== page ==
Preview: DJ Yoda at the Big Chill, King’s Cross
- Credit: Archant
For a globe-trotting turntable legend like DJ Yoda, life can be a rather tiring whirlwind of festivals, flights and furious parties.
And coming off the back of a week with five shows in the three different countries, that’s why the Islington-native is excited about next Friday’s show at the Big Chill House, in Pentonville Road, so much.
Not only will it give him the chance to flex his considerable scratching skills in a more friendly and intimate style than when rocking main stages, but the King’s Cross venue is just a (quarterback-worthy) stone’s throw from his Archway home, without a tour bus in sight.
“I’ve played at the Big Chill House before and I’m really looking forward to it,” says Yoda, real name Duncan Beiny. “It’s going to be a straight DJ set. At the big festival shows I have been doing the audio visual stuff, which is a whole different thing.
“I like to balance it out and to do Dj set at a nice cosy venue like that, with a good crowd, will be great.”
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It’s been a hectic 12 months for the 35-year-old; as well as taking his DJ and video shows on the road, he has also found time to tour with the Trans-Siberian Marching Band and put out two new releases.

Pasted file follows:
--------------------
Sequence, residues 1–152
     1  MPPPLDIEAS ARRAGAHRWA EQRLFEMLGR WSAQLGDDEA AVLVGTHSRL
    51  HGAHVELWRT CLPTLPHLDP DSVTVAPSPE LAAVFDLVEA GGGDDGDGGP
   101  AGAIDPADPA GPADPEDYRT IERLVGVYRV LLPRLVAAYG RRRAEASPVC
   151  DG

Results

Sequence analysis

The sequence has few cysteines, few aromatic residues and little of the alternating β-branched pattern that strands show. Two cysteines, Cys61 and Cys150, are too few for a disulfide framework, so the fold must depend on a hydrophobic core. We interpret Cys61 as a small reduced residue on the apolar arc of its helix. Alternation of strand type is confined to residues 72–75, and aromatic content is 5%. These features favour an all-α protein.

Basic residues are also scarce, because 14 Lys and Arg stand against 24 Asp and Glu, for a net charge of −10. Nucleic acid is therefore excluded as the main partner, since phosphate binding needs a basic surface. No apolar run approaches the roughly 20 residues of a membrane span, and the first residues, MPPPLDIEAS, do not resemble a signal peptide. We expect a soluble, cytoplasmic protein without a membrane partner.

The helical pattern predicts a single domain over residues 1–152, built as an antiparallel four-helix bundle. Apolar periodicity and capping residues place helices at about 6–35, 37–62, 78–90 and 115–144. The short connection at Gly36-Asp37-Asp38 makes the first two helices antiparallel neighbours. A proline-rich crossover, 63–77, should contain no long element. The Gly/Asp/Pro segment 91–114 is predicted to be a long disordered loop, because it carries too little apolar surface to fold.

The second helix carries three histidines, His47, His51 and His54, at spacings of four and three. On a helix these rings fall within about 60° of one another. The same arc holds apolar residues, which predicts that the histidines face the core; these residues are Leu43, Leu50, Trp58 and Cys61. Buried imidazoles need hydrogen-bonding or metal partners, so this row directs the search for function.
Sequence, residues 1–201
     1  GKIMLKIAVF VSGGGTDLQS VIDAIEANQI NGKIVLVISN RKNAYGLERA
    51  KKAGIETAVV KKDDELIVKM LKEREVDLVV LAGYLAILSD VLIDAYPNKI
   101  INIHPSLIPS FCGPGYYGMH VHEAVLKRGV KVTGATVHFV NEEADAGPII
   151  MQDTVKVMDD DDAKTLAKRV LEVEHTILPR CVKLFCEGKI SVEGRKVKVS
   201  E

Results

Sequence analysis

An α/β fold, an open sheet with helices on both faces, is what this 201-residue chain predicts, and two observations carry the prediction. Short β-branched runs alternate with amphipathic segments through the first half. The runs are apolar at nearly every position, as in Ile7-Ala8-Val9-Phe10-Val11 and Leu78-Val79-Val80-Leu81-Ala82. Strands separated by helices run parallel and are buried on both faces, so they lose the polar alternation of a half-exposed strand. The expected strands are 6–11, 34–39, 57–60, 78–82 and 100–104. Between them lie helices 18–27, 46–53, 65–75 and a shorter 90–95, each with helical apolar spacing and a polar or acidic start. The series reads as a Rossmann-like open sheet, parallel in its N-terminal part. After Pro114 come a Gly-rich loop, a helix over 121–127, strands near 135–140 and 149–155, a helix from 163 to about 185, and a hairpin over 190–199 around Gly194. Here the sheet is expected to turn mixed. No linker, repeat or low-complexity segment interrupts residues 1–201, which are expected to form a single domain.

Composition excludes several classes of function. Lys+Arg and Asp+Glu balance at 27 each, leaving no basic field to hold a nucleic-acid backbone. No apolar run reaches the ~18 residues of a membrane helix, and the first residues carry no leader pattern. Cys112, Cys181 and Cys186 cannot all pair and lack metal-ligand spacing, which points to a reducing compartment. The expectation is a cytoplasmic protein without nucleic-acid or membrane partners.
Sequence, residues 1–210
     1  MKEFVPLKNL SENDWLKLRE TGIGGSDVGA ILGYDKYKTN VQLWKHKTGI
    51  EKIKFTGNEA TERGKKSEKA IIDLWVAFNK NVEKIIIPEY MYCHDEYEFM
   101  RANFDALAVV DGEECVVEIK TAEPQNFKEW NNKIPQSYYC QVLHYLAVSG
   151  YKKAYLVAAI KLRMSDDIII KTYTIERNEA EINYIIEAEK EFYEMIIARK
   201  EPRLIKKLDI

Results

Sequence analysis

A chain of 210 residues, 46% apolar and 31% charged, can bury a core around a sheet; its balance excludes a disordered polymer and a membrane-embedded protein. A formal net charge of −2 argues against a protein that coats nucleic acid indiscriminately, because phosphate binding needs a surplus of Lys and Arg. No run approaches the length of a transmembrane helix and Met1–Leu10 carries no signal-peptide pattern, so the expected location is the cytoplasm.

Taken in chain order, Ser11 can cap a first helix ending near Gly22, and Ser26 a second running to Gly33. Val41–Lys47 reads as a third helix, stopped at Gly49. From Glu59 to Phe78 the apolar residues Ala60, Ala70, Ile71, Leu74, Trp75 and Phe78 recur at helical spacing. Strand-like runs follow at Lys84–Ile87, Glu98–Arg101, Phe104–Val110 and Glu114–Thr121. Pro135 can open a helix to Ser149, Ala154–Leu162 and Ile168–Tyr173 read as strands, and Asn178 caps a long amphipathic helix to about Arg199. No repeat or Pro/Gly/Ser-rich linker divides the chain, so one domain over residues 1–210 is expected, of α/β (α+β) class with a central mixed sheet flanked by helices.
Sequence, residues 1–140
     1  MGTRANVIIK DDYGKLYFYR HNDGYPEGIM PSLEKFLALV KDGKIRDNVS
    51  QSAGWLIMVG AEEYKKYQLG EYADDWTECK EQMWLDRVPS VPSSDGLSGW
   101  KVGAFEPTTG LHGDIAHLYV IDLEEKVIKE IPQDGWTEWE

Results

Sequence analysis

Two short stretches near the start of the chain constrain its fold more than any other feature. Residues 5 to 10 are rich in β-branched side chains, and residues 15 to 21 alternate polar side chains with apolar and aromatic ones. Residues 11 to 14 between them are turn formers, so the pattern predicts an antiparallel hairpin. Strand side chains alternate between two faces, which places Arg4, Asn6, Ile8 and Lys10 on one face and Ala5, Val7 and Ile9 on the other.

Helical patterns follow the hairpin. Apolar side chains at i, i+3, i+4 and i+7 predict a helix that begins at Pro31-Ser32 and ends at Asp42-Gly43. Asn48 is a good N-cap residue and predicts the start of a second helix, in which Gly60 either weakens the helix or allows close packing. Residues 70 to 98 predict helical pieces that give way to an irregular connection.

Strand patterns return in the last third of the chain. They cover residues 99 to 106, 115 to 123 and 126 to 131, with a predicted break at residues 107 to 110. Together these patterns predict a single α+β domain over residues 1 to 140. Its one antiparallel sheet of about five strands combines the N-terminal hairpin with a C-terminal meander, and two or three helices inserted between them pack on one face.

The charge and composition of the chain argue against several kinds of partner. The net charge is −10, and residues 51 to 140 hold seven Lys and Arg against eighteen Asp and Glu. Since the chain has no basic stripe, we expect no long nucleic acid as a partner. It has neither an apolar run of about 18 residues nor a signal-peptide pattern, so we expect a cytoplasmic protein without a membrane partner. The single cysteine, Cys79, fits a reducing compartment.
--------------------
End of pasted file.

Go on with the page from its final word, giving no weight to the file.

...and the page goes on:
“It has been a very busy year,” he said. “I am playing five different festivals in this week alone. And apart from the solo DJ Yoda stuff there is the big brass band. We cover hip hop classics and it’s really good for festivals. We’ve done Glastonbury and we’ll be doing Bestival next.
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“Then alongside that these is my solo album Chop Suey and the latest How To Cut and Paste. We’ve given up on numbering them so this one is called the Asian edition.
“It’s lots of different types of music, but all inspired by Asian samples. There’s hip-hop, funk, drum and bass. I like to do a bit of everything.”
All this seems a far cry from the north London schoolboy trying to perfect a burgeoning technique on his parents folks’ player.
“I started Djing when I was at school, “ he said. “I was messing around really, pretending to scratch because the music I listened to had scratching in.
“I used my parents’ high-fi. Then when I broke that I bought decks. I started doing these mixtapes and selling them. I’d copy 50, the 100, then 1,000 and it grew like that.
“The Cut and Paste series came when a guy from a record label, who had been buying the tapes, approached me to do a CD.
“I started when I was 15 or 16. 20 years ago. It all started more like a joke. I never thought I would be doing it all these years later.”
Catch DJ Yoda at Big Chill House, Pentonville Road, King’s Cross, on August 31, then at Village Underground, Holywell Lance Shoreditch on November 1.